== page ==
Last month, The Supreme Court of the United States ruled that family-owned corporations are not required to follow the contraceptive mandate of the Affordable Care Act because it violates a federal law which protects religious freedom. The controversial decision, split 5-4, sparked frenzied discussions and debates, with the loudest voices of dissent coming from the bench: all three women of the Supreme Court - Justices Ruth Bader Ginsburg, Elena Kagan and Sonia Sotomayor - and Justice Stephen Breyer.
First, let's break down what Burwell v. Hobby Lobby means. In a "decision of startling breadth", the Supreme Court opened the door for closely-held, for-profit corporations to opt out of the contraceptive mandate if it conflicts with their sincerely held religious beliefs. According to the Wall Street Journal, a "closely-held" company consists of any company where 50% of the value of the company is owned by five or fewer people. We have no idea yet how far this could go -- but nine out of 10 businesses in the United States qualify as closely-held. That means that this decision expands well beyond Hobby Lobby, and that countless other businesses can use this decision to claim that the birth control mandate of the ACA violates their religious liberty.
Keeping Burwell v. Hobby Lobby in mind, here are six things every Latina should know about birth control in a post-Hobby Lobby world:
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#1: Most Latinas use birth control.
Let's start with the basics. According to research conducted by The National Latina Institute for Reproductive Health (NLIRH), the vast majority of Latinas use contraception or birth control. In fact, the majority of Latinas (97%) who have ever had sex have used contraception, and 96% of sexually active Catholic Latinas have used a contraceptive banned by the Vatican -- including 90% of married women.
#2: Latinas Believe Birth Control Should Be Easy Access.
The truth is, most Latinas use birth control and want it to be readily and easily available. A study published in Politics & Gender found that foreign-born and U.S.-born Latinos both overwhelmingly support easy access to birth control. U.S.-born Latinas came out strongest on the issue, with 74% strongly agreeing that contraception should be easy-access. Foreign-born Latinas followed, with 62% strongly agreeing and 19% agreeing.
#3: Latinas support the birth control benefit of the Affordable Care Act:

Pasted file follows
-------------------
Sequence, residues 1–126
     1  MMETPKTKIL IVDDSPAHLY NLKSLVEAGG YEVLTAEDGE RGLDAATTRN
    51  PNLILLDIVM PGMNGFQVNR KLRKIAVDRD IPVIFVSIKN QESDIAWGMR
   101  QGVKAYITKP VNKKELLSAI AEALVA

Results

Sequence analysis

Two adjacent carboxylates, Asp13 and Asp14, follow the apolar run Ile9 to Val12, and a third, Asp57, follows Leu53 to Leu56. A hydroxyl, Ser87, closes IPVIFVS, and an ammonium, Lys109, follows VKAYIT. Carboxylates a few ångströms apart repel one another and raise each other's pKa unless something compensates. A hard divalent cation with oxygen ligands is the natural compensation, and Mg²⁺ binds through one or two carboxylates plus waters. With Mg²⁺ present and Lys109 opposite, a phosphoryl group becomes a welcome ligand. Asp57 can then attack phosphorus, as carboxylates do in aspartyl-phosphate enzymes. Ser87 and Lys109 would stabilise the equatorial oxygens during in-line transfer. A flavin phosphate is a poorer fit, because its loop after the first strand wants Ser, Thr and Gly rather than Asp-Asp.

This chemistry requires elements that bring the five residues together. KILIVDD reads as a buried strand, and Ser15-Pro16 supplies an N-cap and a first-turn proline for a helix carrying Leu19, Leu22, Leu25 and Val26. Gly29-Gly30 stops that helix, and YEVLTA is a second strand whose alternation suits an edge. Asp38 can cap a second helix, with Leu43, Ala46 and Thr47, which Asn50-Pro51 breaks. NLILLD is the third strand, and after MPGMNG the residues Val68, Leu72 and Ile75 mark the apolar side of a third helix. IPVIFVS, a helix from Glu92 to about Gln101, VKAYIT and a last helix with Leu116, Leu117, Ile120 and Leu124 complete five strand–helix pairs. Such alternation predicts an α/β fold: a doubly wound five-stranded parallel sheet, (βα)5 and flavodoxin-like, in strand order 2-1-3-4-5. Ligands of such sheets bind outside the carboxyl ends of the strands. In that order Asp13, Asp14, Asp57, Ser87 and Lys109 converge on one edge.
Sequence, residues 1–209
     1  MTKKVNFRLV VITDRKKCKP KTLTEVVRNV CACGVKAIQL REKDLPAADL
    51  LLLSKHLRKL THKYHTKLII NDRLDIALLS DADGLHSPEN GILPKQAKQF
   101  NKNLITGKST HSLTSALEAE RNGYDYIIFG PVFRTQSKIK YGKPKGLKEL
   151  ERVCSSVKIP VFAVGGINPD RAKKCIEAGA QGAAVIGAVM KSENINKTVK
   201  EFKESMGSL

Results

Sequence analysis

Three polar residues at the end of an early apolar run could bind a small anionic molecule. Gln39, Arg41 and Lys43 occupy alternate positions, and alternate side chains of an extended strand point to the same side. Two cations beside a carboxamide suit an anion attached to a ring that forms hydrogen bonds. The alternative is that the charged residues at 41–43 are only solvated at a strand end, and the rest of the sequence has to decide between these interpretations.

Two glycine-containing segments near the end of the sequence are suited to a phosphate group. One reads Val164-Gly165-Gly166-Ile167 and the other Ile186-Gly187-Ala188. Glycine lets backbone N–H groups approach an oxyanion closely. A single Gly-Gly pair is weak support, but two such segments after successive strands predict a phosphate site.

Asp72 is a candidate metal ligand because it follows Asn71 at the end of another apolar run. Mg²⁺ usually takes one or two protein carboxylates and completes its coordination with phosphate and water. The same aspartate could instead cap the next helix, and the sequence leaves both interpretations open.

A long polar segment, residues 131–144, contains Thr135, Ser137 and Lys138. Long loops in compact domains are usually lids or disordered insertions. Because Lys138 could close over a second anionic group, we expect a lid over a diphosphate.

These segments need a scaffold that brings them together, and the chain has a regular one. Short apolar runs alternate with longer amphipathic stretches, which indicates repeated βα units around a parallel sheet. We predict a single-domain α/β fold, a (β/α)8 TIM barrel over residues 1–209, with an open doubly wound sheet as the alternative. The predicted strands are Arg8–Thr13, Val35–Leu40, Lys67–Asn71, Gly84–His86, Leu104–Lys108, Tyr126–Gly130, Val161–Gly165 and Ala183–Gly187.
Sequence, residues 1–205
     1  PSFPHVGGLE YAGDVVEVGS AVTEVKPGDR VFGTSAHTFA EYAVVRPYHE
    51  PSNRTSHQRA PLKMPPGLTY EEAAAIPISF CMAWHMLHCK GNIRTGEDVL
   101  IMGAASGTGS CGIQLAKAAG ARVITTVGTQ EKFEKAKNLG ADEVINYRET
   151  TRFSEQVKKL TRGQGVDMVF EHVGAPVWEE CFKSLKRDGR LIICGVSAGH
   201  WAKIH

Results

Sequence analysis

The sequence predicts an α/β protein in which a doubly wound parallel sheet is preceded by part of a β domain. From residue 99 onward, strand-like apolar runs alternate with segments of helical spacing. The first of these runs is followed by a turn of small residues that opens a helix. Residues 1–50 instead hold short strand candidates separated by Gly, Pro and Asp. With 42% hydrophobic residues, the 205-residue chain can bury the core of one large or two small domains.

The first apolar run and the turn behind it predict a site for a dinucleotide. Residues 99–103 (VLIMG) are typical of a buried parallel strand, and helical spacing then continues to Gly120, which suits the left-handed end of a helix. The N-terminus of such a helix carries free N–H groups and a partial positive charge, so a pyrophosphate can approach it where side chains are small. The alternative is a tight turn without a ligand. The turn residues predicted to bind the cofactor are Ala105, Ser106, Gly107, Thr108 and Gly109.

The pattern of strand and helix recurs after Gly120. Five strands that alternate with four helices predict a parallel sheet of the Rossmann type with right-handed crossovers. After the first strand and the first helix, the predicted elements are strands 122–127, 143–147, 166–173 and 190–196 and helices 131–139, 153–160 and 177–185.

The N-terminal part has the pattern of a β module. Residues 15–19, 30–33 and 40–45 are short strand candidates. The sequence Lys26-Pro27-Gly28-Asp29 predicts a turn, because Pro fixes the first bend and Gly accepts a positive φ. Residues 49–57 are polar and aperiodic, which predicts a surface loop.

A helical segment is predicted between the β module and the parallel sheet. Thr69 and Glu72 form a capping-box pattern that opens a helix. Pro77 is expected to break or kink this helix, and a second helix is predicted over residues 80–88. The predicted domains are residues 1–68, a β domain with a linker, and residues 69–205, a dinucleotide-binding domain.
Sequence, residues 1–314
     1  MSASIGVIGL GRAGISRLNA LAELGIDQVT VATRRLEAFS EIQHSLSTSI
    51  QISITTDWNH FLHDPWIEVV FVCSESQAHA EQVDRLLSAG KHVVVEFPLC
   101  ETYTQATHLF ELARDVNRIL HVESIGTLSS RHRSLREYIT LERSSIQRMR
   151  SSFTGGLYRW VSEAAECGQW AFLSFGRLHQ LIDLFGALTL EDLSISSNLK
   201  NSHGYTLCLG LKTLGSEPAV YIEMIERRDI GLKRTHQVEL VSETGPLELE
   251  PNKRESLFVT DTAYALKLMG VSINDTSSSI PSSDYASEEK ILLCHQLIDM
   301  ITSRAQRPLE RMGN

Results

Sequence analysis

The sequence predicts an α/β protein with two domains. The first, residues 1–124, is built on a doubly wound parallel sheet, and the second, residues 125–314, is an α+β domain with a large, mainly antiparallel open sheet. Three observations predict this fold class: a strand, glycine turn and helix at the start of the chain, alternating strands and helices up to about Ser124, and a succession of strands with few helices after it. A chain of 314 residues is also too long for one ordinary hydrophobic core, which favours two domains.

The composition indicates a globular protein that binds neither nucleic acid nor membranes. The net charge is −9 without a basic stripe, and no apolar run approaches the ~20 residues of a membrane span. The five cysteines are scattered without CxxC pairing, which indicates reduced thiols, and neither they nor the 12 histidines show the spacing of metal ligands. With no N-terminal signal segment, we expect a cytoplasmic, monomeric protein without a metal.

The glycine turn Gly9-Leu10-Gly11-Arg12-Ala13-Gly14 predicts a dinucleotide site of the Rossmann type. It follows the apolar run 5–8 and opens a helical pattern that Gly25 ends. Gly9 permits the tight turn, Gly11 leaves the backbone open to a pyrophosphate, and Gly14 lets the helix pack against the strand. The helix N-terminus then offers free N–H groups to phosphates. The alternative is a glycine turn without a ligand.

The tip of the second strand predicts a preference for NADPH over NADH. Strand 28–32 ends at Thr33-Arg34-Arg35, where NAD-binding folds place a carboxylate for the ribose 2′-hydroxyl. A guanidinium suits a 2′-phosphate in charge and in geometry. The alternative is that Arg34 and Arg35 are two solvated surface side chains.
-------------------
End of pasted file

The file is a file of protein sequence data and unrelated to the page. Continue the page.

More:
Luckily, most women will continue to be covered by their insurance, thanks to the ACA. The Affordable Care Act instituted the birth control mandate to make sure that women had easy, affordable access to all forms of contraception -- a decision which many Latinas support. In fact, a study published in JAMA, the Journal of the American Medical Association found that the majority of Americans support the birth control benefit of the Affordable Care Act, including 76% of Latinos.
#4 Cost Matters.
Let's face it: Latinas and other minority women are more likely to be low-income or work a minimum wage than their white, non-Latina counterparts. Latinas, women of color, and other impoverished women deserve access to affordable birth control. As Justice Ruth Ginsburg pointed out in her dissent, the cost of Intrauterine Device (which Hobby Lobby does not cover) could cost a full-months pay for workers earning the minimum wage. IUDs, which have a failure rate of less than 1%, can cost between $718 and $844.
Sadly, cost does matter, and it can prevent women from using birth control. A study conducted by the Guttmacher Institute found that 50% of women aged 18-24 (including Latinas) said there had been a time when the cost of prescription birth control prevented consistent use.
#6: Latinas Need Access To All Forms of Birth Control.
Hobby Lobby touted the fact that they still provide 16 out of 20 forms of birth control to their employees. What they fail to mention, however, is that four out of the 16 are readily available over-the-counter. Additionally, Hobby Lobby won't be required to provide Copper Intra-Uterine Devices, IUDs with progestin, Plan B, and Ella because the company believes they cause abortions. Fact is: none of these forms of contraception cause abortions. Not to mention, many women need an IUD or Copper Intra-Uterine Device because of health issues that extend beyond preventing pregnancy, and many women simply prefer them to other forms of contraception or birth control. These women deserve to have a choice when it comes to their birth control -- and that decision should not involve their boss.
#7: There are alternatives to employer provided insurance.
Birth control is not our boss's business. Unfortunately, because of the decision made in Burwell v. Hobby Lobby, many women now find themselves discussing personal matters like birth control with co-workers and bosses. Fortunately, several organizations are available to help.
Women with questions about coverage should talk to their HR department or text "birthcontrol" to 69866 to receive assistance from a Planned Parenthood representative via e-mail or phone call. Additionally, women who have been denied coverage by their employer can seek out any Planned Parenthood health center for alternative options.